In the Dance of Debt — who is leading?
This network map shows the key roles played in the recent mortgage meltdown. Starting with Main Street on the left we connect the dots out to Wall Street on the right side of the map. The nodes in the network show the various players in the mortgage meltdown, while the links show the exchange of money and value.
Who is responsible for the meltdown? Some blame the poor — they bought houses they could not afford and lied on their loan applications. Others point the finger at Wall Street investment bankers extracting wealth from the working classes. Additionally there were plenty of "middle men" enhancing the flow between the players at either end of the network. Who was critical to the meltdown?
I approach this question as a network scientist — my initial hunch is to look for interesting patterns and players. The network metrics of Connector and Integrator show us that the Mortgage Lender and the Issuer [Wall Street Bank] are key roles in the above subprime network. Each player appears key to each side of the network. The Lender on the left and the Issuer on the right.
Both Main Street and Wall Street participated in this Dance of Debt.
The mortgage lender sells the sub-prime mortgages they have originated, which get packaged into a — residential mortgage-backed security. With the Rating Agencies providing a positive picture of these securities, Wall Street discovers that they can sell them to investors in various forms including CDOs — collateralized debt obligations. The more Wall Street sells the more they want to sell. The ball goes back to the Lenders who further excite their part of the network to generate more real estate sales with new mortgages for securitization. Then Wall Street excites their part of the network by creating more investment vehicles. Send us more, they demand! And so it goes back and forth at an ever increasing fever pitch. No one wants to stop the game.
Who is to blame? Once the dance starts, no one wants to be left out, everyone steps to the emerging tune. The aggressive mortgage broker on Main Street and the re-mix master on Wall Street are each in their element, but they both hide/ignore information to speed up this dance of doom. Everyone influences those in their immediate network neighborhood. While each player acts rationally for himself — to outsiders, the overall system appears more and more irrational as it builds feverishly towards a bubble that will surely burst.
There is no lone culprit. Maybe the system itself is to blame? It was set up to generate positive feedback loops with no monitor of levels or cutoffs when things get out of hand. Maybe the Rating Agencies should have owned the kill switch? Without overly positive ratings on the CDOs, the Wall Street side of the network may not have worked.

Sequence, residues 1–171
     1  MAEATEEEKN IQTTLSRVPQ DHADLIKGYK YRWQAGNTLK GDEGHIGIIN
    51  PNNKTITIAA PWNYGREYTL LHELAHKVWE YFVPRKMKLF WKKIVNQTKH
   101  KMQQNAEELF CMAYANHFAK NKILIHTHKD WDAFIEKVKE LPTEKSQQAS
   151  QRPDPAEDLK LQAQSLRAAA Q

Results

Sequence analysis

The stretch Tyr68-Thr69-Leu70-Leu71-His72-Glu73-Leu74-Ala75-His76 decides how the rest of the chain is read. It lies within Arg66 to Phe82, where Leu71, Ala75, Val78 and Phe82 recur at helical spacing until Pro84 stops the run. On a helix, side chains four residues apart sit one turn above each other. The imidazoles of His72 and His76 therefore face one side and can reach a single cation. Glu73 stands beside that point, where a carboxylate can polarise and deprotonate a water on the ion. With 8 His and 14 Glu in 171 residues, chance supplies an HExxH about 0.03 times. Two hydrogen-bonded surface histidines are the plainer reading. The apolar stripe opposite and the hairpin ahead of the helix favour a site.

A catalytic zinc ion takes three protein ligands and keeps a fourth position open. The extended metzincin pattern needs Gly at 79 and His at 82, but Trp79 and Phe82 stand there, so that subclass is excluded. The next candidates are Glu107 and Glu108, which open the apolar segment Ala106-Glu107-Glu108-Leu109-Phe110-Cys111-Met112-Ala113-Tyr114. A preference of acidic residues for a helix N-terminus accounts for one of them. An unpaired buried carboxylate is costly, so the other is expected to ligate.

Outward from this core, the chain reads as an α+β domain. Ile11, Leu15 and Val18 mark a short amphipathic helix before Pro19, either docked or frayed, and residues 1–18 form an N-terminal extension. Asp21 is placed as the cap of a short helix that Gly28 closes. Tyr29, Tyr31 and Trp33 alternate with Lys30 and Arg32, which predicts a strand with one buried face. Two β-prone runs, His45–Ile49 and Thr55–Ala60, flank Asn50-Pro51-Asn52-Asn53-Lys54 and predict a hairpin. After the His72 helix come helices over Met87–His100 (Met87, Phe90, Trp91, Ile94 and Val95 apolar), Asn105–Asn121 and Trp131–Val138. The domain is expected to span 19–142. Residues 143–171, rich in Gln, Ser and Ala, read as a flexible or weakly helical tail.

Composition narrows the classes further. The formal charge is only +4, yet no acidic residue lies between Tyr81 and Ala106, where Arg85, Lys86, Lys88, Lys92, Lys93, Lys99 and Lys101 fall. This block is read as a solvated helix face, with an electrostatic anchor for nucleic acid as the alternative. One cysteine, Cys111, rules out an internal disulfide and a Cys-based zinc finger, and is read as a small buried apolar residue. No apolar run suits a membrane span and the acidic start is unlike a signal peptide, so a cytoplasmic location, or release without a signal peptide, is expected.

Another generator was the ability to play both sides of an investment [sell it to investors and bet against it on a short] allowed the Wall Street end of the network to remain active. In desperate times during 2006-2007 Wall Street banks even arranged for their CDOs to buy parts of other CDOs creating a massively interconnected and interdependent system that would quickly crash once a key connector failed.
Another problem I see in the subprime mortgage flow map is network risk. Investors, who are dependent on Home Buyers making regular and timely payments, are separated from them in the network. They are beyond each other's network horizon, the investor's have no idea of the paying capability of the home buyers they have invested in. In networks, any path longer than 2 steps is usually considered "over the horizon" -- one cannot see, nor influence, over the horizon. In networks, distance leads to distortion, delay, and increased risk. Whose job was it span this network horizon and provide useful and accurate information across the chasm?
We need some way to map and monitor our complex finance systems before they get out of control. Let them operate as open systems but monitor their levels, exchanges, and outputs. As we now map the flow of aircraft from airport to airport, we should map the flow of large transactions from bank to bank. We need a transparent and trackable process so that we are not surprised at outcomes, and are prepared to take action when certain critical conditions emerge.
Update: We helped CNBC look at the financial flow networks in "Goldman Sachs: Power and Peril"